A story of two families thirty years after the closing of the uranium mill near which they once made their homes. When one of the children becomes involved in a group seeking damages for those harmed by the radioactive dust that contaminated their world, their past and present collide for this eclectic cast of characters.
For her acclaimed collection of stories, Red Ant House, Joyce Carol Oates hailed Ann Cummins as a master storyteller. The San Francisco Chronicle called her startlingly original. Now, in her debut novel, Cummins stakes claim to rich new literary territory with a story of straddling cultures and cheating fate in the American Southwest. Yellowcake introduces us to two unforgettable familiesone Navajo, one Anglosome thirty years after the closing of the uranium mill near which they once made their homes. When little Becky Atcitty shows up on the Mahoneys doorstep all grown up, the past comes crashing in on Ryland and his lively brood. Becky, the daughter of one of the Navajo mill workers Ryland had supervised, is now involved in a group seeking damages for those harmed by the radioactive dust that contaminated their world. But Ryland wants no part of dredging up their pastor acknowledging his future. When his wife joins the cause, the messy, modern lives of this eclectic cast of characters collide once again, testing their mettle, stretching their faith, and reconnecting past and present in unexpected new ways. Finely crafted, deeply felt, and bursting with heartache and hilarity, Yellowcake is a moving story of how everyday people sort their way through life, with all its hidden hazards.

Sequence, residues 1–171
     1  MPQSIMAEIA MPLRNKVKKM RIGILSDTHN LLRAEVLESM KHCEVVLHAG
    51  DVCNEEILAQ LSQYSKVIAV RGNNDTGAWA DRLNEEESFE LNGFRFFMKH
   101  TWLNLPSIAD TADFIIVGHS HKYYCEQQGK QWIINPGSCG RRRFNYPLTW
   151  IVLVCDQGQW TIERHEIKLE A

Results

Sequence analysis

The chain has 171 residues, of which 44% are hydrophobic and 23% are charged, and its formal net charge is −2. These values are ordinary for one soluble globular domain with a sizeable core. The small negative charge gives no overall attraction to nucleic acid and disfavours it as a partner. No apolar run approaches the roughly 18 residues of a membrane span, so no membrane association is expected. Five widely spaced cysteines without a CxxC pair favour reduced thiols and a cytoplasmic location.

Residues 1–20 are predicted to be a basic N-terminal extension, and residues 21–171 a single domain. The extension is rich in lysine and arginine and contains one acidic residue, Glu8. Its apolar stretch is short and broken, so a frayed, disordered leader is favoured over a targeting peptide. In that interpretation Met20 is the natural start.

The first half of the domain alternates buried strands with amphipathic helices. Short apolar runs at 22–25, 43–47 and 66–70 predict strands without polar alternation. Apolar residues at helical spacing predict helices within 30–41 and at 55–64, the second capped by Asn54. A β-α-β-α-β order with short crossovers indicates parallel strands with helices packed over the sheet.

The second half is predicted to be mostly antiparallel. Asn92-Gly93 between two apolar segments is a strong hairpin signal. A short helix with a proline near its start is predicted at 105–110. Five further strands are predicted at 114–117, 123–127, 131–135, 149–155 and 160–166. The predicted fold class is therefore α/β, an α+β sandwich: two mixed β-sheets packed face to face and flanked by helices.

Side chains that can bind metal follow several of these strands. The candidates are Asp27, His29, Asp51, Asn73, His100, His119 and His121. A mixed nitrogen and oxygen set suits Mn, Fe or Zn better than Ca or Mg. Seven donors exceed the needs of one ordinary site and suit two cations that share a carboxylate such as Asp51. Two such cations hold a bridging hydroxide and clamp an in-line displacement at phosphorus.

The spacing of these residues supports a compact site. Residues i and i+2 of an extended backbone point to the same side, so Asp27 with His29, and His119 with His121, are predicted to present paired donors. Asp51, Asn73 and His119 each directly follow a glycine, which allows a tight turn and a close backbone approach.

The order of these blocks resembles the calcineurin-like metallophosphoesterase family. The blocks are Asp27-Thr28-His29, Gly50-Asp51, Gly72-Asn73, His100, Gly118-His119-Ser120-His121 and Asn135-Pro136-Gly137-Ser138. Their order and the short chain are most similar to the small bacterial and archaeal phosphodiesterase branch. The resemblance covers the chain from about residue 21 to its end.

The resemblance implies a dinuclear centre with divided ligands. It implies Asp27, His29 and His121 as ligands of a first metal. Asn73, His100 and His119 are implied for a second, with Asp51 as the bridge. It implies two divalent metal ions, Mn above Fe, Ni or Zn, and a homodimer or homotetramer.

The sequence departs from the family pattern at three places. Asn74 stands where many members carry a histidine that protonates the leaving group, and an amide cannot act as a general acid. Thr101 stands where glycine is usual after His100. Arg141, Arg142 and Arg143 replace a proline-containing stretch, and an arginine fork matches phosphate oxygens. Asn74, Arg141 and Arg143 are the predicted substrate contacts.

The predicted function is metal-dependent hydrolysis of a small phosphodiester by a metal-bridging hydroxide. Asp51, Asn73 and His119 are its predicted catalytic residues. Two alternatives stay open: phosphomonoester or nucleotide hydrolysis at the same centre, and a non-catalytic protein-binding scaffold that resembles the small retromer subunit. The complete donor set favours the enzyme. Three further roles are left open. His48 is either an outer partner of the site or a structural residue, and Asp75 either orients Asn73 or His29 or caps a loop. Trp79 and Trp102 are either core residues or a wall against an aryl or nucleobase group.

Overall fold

They come at ten oclock in the morning. Rylands wife, Rosy, is at the
fabric store with their daughter, Maggie, whos getting married next month.
Ryland goes ahead and opens the door against his better judgment. He always
opens the door when somebody rings, though he usually regrets it. He is not
afraid of muggers. Muggers, he figures, will leave sooner rather than later.
Hes afraid of the neighbor lady, Mrs. Barron, who always leaves later, and the
Mormon missionaries, who like to fight with his wife, they always leave later.
And Pretty Boy across the street, old Hal Rivers, who waters his lawn in bikini
swim trunks, parades young girls in and out, day in, day out, ladys
man, though he has a gut and a little bald pate still, the girls like him, which only goes to show that its not the looks but the pocketbook. Old Hal stopping by every now and again to chew the fat terrifies him, though Ryland makes sure the man ...
The result is a novel that is both compassionate and wise, that not only explores the legacy of radiation sickness but also illness and aging, and the misunderstandings that can arise between generations and cultures.
(Reviewed by BookBrowse Review Team).
Did you know?
According to the Uranium Information Center:
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